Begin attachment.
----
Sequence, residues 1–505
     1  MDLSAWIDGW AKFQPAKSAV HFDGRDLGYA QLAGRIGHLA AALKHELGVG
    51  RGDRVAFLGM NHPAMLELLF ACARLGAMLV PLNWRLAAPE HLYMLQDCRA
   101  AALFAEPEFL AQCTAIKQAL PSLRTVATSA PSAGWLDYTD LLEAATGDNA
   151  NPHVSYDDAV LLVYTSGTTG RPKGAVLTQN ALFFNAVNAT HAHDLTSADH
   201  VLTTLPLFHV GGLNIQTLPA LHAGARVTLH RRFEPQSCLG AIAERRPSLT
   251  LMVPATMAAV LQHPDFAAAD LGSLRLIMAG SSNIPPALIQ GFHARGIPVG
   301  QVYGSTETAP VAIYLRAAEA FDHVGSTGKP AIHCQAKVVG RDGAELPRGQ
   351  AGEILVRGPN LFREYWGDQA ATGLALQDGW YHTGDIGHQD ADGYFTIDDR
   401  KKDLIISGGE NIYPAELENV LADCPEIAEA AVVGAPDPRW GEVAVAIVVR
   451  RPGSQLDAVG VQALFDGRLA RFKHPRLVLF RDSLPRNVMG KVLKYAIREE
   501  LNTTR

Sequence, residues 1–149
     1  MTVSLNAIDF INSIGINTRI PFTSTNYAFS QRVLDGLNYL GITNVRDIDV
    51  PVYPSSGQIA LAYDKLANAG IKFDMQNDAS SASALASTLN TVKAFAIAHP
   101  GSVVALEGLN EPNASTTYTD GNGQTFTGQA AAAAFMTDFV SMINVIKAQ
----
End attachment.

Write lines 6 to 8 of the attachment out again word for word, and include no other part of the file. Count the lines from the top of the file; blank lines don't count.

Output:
   201  VLTTLPLFHV GGLNIQTLPA LHAGARVTLH RRFEPQSCLG AIAERRPSLT
   251  LMVPATMAAV LQHPDFAAAD LGSLRLIMAG SSNIPPALIQ GFHARGIPVG
   301  QVYGSTETAP VAIYLRAAEA FDHVGSTGKP AIHCQAKVVG RDGAELPRGQ